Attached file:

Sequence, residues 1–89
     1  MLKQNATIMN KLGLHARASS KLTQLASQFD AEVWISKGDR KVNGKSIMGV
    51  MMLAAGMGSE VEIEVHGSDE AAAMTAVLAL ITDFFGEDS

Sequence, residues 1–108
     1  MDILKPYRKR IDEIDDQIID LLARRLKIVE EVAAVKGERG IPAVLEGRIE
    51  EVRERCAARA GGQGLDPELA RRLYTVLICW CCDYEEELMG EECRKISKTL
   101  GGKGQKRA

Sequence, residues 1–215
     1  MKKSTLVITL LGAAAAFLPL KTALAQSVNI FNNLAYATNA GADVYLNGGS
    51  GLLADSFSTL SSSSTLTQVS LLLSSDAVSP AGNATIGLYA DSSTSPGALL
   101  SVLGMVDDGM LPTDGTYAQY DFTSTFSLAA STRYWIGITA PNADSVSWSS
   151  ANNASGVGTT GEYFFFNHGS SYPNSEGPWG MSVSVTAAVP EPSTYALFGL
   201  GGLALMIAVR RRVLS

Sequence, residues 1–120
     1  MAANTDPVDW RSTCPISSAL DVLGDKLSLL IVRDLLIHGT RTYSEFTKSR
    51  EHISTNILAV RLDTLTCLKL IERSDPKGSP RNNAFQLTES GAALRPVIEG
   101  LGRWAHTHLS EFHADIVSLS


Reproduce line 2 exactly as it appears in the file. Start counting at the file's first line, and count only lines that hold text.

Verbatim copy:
     1  MLKQNATIMN KLGLHARASS KLTQLASQFD AEVWISKGDR KVNGKSIMGV